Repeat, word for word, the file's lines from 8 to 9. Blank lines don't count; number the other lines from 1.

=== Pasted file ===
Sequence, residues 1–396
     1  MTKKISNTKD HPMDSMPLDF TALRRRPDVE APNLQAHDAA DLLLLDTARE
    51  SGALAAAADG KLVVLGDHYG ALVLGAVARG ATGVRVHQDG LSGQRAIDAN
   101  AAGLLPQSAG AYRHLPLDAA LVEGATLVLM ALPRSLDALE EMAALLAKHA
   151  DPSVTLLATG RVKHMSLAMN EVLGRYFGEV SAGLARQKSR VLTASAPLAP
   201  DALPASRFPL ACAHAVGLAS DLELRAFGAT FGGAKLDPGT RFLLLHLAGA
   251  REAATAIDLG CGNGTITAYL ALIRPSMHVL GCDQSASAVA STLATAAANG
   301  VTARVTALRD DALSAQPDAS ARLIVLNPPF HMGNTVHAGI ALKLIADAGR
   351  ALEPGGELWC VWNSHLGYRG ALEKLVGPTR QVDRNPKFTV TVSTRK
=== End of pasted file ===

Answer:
   301  VTARVTALRD DALSAQPDAS ARLIVLNPPF HMGNTVHAGI ALKLIADAGR
   351  ALEPGGELWC VWNSHLGYRG ALEKLVGPTR QVDRNPKFTV TVSTRK